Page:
Saturday, 14 March 2009
How much research is enough?
We at Tesseract pride ourselves on finding arcane objets of science and medicine, and on researching them thoroughly. But we feel our research is always incomplete; rarely can we even answer of the journalist's six basic questions: "WHO, WHAT, WHEN, WHERE, WHY, and HOW".
Here we present two examples, and would welcome further insight. We have in stock a monocular of truly exceptional quality, certainly 18th century, and probably English, based on the casework with its scalloped silver trim, etc. But WHO made it and WHERE? Perhaps the leather stampings can be identified, or the style of engraving on the mother-of-pearl. Many analyses could be done, from the origin and species of the rayskin, to impurity content of the silver, to microarcheological studies of pollen grains, etc., caught as dust in little crevices. Where does / should / must one stop?
Secondly we have a fascinating level, described as follows:
SIXTEENTH CENTURY LEVEL, PROBABLY FOR GUNNERY, Continental, signed “A. Pourtales, 1588.” The level is of sturdy brass, 7-5/8” (19.5 cm) wide from foot to foot, and over 1/4” (7 mm) thick. An integral 90° arc is divided every degree 0° ± 45° and labeled every 5°. There are distinctive early numeral shapes, in particular the z-shaped “2” and the slanted topless “5.” The vertex is pierced for use with string and plumb bob. The arms are decorated with sinuous floral designs, engraved and punched. Surfaces have linear outlines throughout, and there seem to be small traces of gilding. The reverse is otherwise plain but for a preliminary scale division on the arc. Condition is good, the brass with a fine dark patina, noting nicks and a stress crack in the arc.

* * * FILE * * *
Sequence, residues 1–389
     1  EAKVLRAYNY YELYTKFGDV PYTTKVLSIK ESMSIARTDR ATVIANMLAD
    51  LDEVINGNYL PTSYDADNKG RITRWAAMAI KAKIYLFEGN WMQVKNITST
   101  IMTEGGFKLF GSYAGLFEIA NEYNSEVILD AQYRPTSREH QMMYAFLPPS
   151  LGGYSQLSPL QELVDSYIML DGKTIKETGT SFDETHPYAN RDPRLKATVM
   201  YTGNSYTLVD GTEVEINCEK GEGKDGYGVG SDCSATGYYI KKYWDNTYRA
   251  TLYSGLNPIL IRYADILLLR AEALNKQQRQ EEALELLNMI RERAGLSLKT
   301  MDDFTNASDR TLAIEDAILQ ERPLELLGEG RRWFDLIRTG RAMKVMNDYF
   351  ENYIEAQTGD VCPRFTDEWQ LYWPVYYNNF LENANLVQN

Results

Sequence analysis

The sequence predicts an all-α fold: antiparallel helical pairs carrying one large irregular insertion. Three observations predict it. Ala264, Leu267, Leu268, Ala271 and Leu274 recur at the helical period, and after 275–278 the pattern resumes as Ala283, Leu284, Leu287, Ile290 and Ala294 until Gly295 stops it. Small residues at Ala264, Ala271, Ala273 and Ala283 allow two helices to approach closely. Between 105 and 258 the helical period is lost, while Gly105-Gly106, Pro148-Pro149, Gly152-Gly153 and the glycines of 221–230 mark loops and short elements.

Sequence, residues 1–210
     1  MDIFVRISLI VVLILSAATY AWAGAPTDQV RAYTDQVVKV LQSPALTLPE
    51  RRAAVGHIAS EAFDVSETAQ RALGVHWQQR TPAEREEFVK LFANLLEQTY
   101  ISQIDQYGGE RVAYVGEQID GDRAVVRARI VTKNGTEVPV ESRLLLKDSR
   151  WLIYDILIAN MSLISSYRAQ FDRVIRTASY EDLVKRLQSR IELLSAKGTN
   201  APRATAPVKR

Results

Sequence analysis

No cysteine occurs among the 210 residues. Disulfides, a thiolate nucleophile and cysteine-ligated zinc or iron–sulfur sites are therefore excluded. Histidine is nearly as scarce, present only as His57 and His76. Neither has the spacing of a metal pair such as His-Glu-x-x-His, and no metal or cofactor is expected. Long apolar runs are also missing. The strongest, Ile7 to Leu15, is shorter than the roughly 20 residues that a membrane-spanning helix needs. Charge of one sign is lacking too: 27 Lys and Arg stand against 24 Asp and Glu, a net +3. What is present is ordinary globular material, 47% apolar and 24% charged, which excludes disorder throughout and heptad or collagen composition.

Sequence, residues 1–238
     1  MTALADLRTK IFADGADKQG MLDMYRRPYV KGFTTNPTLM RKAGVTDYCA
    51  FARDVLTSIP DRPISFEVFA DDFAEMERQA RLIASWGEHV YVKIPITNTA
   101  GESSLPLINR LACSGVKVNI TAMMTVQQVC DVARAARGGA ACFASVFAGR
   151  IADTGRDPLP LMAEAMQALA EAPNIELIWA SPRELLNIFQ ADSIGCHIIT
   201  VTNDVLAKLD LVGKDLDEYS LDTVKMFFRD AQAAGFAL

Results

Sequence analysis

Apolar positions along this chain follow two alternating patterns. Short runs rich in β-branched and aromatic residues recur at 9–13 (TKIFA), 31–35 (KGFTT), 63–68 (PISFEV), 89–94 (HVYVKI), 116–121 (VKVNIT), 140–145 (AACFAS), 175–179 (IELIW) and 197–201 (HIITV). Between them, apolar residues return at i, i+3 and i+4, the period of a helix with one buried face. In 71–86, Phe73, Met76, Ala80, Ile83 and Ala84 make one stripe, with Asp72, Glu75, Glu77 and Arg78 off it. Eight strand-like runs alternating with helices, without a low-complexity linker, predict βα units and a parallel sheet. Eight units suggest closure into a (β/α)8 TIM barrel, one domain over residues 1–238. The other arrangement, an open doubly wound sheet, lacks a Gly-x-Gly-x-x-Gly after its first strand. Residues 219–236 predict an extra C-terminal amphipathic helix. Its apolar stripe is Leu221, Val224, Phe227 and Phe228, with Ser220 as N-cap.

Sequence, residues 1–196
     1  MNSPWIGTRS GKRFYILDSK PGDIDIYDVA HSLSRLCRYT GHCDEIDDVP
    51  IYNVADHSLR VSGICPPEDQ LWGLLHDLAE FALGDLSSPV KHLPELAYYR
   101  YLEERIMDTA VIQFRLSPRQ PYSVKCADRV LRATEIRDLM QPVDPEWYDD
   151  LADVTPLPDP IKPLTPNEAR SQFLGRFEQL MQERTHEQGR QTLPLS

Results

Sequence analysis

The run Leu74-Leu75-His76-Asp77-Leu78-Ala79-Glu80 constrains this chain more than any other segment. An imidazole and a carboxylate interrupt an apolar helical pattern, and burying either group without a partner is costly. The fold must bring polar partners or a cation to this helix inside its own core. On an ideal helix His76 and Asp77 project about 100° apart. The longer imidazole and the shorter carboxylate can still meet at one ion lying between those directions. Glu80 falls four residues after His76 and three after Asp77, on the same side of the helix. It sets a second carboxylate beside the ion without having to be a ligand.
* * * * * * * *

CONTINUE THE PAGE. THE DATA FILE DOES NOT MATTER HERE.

This is a splendid example of early level, probably made for setting elevation (or depression) of a cannon . Bion (1709) shows a similar level on the breech of a cannon, and various forms of gunner's level are illustrated by Bennett & Johnston (The Geometry of War, 1500 - 1750).
The year 1588 is significant, signalling the defeat of the Spanish Armada (with its invasion fleet of 130 ships!) by the British. It is difficult to pin down the maker; the name “Pourtales” itself is widespread. In one name search, for example, we find a Count Albert Pourtales exploring the Wild West in the early 19th century. He was born in Paris, but a descendent of Huguenot refugees who had emigrated to Neufchatel (Prussia, now Switzerland) in 1720. His father served in the Prussian army, then for Napoleon, and finally for the Berlin court. The numeral shapes are another small clue to origin, the “2” form suggestive of a German origin. But more research needs to be done.
So we know WHEN and by WHOM it was crafted, but WHERE was it made, and for WHAT exact purpose? And how do we even approach these questions? Such mysteries, in fact, are the real fascination of our business.
Posted by Fletcher Wallis at 18:10